Fun_People Archive
27 Sep
Spies R Us.

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From: Peter Langston <psl>
Date: Wed, 27 Sep 100 11:44:07 -0700
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Subject: Spies R Us.

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Monday September 25 8:39 AM ET

Spy Agency Offers Rare Glimpse Inside

FORT MEADE, Md. (Reuters) - The super-secret National Security Agency (NSA),
which eavesdrops on communications worldwide as part of U.S. spying
operations, opened its doors on Saturday to offer outsiders a rare glimpse
of facilities that test antennas and print nuclear code books.

About 16,500 employees and their families were expected at the first "Family
Day" since 1996 held at NSA headquarters, about 25 miles outside Washington,
as the spy agency makes a greater effort to inform Americans about its

"American people need an image of this agency so its identity is not a
vacuum," NSA Director Lt. Gen. Michael Hayden told reporters.

There was the "anechoic chamber," which looked like a science-fiction movie
set, with blue foam spikes of different sizes poking out from the floor,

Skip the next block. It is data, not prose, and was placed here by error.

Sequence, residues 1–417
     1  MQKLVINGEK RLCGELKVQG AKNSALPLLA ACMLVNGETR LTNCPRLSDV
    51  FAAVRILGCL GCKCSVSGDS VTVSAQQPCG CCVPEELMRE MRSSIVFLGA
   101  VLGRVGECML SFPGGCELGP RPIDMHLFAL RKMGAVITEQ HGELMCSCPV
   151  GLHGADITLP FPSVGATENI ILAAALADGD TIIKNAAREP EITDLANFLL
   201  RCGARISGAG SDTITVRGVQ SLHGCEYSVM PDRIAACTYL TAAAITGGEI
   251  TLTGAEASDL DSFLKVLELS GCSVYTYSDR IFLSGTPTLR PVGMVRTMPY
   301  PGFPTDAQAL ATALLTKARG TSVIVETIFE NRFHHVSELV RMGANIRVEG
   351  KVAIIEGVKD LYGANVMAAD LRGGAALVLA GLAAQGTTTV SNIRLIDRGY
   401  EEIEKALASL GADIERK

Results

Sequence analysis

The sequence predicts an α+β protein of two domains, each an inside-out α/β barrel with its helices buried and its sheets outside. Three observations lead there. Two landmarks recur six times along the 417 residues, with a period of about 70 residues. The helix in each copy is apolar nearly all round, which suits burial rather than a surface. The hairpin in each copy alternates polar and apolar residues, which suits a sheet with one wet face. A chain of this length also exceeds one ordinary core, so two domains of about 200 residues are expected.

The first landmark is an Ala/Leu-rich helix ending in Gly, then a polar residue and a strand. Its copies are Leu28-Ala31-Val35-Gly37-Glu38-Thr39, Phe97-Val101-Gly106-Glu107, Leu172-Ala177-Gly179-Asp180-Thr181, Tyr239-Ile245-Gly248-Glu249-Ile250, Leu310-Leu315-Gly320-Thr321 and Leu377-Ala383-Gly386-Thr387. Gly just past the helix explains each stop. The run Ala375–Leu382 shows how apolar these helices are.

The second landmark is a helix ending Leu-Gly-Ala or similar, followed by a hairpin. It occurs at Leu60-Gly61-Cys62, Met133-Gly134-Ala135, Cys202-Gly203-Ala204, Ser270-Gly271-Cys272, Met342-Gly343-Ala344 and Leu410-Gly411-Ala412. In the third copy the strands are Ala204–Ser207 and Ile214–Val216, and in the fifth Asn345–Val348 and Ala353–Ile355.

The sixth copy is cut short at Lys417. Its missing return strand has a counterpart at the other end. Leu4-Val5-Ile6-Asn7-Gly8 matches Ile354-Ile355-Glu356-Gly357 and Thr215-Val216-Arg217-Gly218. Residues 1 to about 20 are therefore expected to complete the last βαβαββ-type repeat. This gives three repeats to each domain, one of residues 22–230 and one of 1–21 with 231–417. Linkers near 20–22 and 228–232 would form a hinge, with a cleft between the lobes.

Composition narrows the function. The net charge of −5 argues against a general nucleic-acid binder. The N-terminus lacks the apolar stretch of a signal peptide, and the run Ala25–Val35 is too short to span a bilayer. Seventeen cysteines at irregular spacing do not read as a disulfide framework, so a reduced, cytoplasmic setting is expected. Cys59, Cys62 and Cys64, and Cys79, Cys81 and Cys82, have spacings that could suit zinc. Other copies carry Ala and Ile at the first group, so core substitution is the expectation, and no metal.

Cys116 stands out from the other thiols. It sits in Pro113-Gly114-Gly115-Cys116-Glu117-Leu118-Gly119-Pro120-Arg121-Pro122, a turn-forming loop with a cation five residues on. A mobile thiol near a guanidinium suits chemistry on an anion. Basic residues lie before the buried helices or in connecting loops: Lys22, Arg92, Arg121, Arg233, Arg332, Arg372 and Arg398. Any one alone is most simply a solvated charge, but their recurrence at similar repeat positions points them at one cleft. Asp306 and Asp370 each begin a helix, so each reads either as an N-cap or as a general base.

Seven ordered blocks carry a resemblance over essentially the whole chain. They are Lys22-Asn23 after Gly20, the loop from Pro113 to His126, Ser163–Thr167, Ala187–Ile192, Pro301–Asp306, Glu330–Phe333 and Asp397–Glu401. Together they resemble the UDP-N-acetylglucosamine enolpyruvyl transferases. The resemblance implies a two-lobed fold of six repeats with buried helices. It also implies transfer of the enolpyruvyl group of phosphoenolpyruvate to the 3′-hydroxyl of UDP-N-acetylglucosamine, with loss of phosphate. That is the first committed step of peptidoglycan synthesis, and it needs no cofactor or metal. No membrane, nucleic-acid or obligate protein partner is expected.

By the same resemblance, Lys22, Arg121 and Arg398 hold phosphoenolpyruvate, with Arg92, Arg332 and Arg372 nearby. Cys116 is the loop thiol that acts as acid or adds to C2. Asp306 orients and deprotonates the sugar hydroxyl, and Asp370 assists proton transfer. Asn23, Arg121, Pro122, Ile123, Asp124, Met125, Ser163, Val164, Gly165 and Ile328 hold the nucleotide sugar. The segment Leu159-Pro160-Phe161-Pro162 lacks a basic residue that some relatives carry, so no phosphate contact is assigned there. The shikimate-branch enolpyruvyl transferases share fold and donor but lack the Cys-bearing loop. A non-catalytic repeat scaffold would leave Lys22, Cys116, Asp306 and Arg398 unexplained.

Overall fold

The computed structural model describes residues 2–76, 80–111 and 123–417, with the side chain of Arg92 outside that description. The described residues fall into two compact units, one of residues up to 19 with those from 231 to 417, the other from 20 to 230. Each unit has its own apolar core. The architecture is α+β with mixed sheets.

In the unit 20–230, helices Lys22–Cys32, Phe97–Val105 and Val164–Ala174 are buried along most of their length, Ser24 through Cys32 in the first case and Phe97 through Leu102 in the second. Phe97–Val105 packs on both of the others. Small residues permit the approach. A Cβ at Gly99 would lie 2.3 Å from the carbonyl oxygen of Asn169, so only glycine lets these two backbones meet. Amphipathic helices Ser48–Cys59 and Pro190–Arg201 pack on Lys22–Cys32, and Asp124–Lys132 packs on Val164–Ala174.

walls and ceiling of the 42-foot-high room.

It is echo-free and one of five at NSA for testing antennas used to collect
information. The antenna revolves on a high pedestal at one end, while
information is transmitted to it from the other end of the room.

The Air Force has a similar room that is big enough to test an entire
airplane, an NSA official said.

"Each cone is sized to absorb a different frequency," said the official
who spoke on condition of anonymity.

Areas opened to visitors were sanitized to ensure no classified material
was lying around.

A 66,000-square-foot printing plant produces code books -- 160 million
pages a year -- used in U.S. military operations.

Nuclear code books for use in the event the United States orders a nuclear
strike are produced about four times a month at the moment, compared with
nearly every day during the 1991 Gulf War.

The book is enclosed inside a sealed plastic pouch that has a unique pattern
of pink splotches and is puffy because of air inside.

If there is any change in the package such as the amount of air inside or
the design of the splotches, which is videotaped before being sent out,
the codes are considered compromised.

"We'll go back and see if the splatter diagram is the same. We've got a
video of the package," said Dan Shirko, chief of publishing.

Reminders of the need for security were all around. In the cafeteria, one
sign read, "Don't spill the beans pardner, the steaks are too high. No
classified talk."

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